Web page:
Aeschines, Speeches (English) (XML Header) [genre: prose; rhetoric] [word count] [Aeschin.].
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1.45

owever, although the fact in this case is acknowledged, I remember that we are in court, and so I have drafted an affidavit for Misgolas, true and not indelicate in phrasing, as I flatter myself. For I do not set down the actual name of the thing that Misgolas used to do to him, nor have I written anything else that would legally incriminate a man who has testified to the truth. [Note] But I have set down what will be no news for you to hear, and will involve the witness in no danger nor disgrace.

1.46

If therefore Misgolas is willing to come forward here and testify to the truth, he will be doing what is right; but if he prefers to refuse the summons rather than testify to the truth, the whole business will be made clear to you. For if the man who did the thing is going to be ashamed of it and choose to pay a thousand drachmas into the treasury rather than show his face before you, [Note] while the man to whom it has been done is to be a speaker in your assembly, then wise indeed was the lawgiver who excluded such disgusting creatures from the platform.

1.47

But if Misgolas does indeed answer the summons, but resorts to the most shameless course, denial of the truth under oath, as a grateful return to Timarchus, and a demonstration to the rest of them that he well knows how to help cover up such conduct, in the first place he will damage himself, and in the second place he will gain nothing by it. For I have prepared another affidavit for those who know that this man Timarchus left his father's house and lived with Misgolas, though it is a difficult thing, no doubt, that I am undertaking. For I have to present as my witnesses, not friends of mine nor enemies of theirs, nor those who are strangers to both of us, but their friends.

1.48

But even if they do persuade these men also not to testify—I do not expect they will, at any rate not all of them—one thing at least they will never succeed in accomplishing: they will never hush up the truth, nor blot out Timarchus' reputation among his fellow citizens—a reputation which he owes to no act of mine, but to his own conduct. For the life of a virtuous man ought to be so clean that it will not admit even of a suspicion of wrong-doing.

1.49

But I wish to say another thing in anticipation, in case Misgolas shall answer before the laws and before you. There are men who by nature differ widely from the rest of us as to their apparent age. For some men, young in years, seem mature and older than they are; others, old by count of years, seem to be mere youths. Misgolas is such a man. He happens, indeed, to be of my own age, and was in the cadet corps with me; [Note] we are now in our forty-fifth year. I am quite gray, as you see, but not he. Why do I speak of this? Because I fear that,seeing him for the first time, you may be surprised,and some such thought as this may occur to you: “Heracles! This man is not much older than Timarchus.” For not only is this youthful appearance characteristic of the man, but moreover Timarchus was already past boyhood when he used to be in his company.

1.50

But not to delay, call first, if you please, those who know that Timarchus here lived in the house of Misgolas, then read the testimony of Phaedrus, and, finally, please take the affidavit of Misgolas himself, in case fear of the gods, and respect for those who know the facts as well as he does, and for the citizens at large and for you the jurors, shall persuade him to testify to the truth.Testimony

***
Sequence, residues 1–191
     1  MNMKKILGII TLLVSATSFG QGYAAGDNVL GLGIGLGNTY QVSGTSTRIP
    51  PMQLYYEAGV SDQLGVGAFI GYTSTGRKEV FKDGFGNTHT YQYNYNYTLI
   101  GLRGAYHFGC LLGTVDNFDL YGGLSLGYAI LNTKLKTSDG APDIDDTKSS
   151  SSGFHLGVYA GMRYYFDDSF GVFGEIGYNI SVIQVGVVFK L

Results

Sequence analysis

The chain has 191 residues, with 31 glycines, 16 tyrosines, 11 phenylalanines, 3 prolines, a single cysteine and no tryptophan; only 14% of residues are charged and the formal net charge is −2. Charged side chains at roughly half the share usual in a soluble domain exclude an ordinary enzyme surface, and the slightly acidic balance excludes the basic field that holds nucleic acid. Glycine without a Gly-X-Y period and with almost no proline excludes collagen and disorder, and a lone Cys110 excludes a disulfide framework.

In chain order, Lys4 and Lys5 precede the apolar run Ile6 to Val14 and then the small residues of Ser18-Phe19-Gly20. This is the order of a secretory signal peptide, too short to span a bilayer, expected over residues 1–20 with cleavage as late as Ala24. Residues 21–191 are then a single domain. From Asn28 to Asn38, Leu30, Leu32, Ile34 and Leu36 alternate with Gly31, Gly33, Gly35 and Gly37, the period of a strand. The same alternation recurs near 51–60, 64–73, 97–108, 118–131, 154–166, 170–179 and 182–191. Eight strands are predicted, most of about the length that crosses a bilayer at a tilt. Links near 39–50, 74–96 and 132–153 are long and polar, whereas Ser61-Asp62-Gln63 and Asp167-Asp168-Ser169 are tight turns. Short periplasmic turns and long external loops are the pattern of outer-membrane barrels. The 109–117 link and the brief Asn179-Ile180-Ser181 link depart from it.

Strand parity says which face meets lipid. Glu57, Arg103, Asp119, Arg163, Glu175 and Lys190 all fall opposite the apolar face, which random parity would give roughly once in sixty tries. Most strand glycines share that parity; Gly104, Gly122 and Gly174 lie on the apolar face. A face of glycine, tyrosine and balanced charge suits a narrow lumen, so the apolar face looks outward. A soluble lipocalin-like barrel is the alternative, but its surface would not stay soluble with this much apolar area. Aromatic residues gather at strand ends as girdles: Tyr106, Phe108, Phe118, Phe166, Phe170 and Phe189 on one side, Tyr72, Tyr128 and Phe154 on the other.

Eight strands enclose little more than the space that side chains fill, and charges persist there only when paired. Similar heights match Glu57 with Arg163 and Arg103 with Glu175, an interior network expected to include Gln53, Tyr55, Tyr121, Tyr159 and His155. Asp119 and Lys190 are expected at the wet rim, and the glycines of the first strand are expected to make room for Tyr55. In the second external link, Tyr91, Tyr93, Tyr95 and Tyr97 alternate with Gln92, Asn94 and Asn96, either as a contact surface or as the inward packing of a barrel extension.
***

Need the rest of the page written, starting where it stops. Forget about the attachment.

[Misgolas, son of Nicias, of Piraeus, testifies. Timarchus, who once used to stay at the house of Euthydicis the physician, became intimate with me, and I hold him today in the same esteem as in all my past acquaintance with him.]

1.51

Now, fellow citizens, if Timarchus here had remained with Misgolas and never gone to another man's house, his conduct would have been more decent—if really any such conduct is “decent”—and I should not have ventured to bring any other charge against him than that which the lawgiver describes in plain words, simply that he was a kept man. For the man who practises this thing with one person, and practises it for pay, seems to me to be liable to precisely this charge.

1.52

But if, saying nothing about these bestial fellows, Cedonides, Autocleides, and Thersandrus, and simply telling the names of those in whose houses he has been an inmate, I refresh your memories and show that he is guilty of selling his person not only in Misgolas' house, but in the house of another man also, and again of another, and that from this last he went to still another, surely you will no longer look upon him as one who has merely been a kept man, but—by Dionysus, I don't know how I can keep glossing the thing over all day long—as a common prostitute. For the man who follows these practices recklessly and with many men and for pay seems to me to be chargeable with precisely this.

1.53

Well, when now Misgolas found him too expensive and dismissed him, next Anticles, son of Callias, the deme Euonymon, took him up. Anticles, however, is absent in Samos as a member of the new colony, so I will pass on to the next incident. For after this man Timarchus had left Anticles and Misgolas, he did not repent or reform his way of life, but spent his days in the gambling-place, where the gaming-table is set, and cock-fighting and dice-throwing are the regular occupations. I imagine some of you have seen the place; at any rate you have heard of it.



Aeschines, Speeches (English) (XML Header) [genre: prose; rhetoric] [word count] [Aeschin.].
<<Aeschin. 1.40 Aeschin. 1.49 (Greek) >>Aeschin. 1.57

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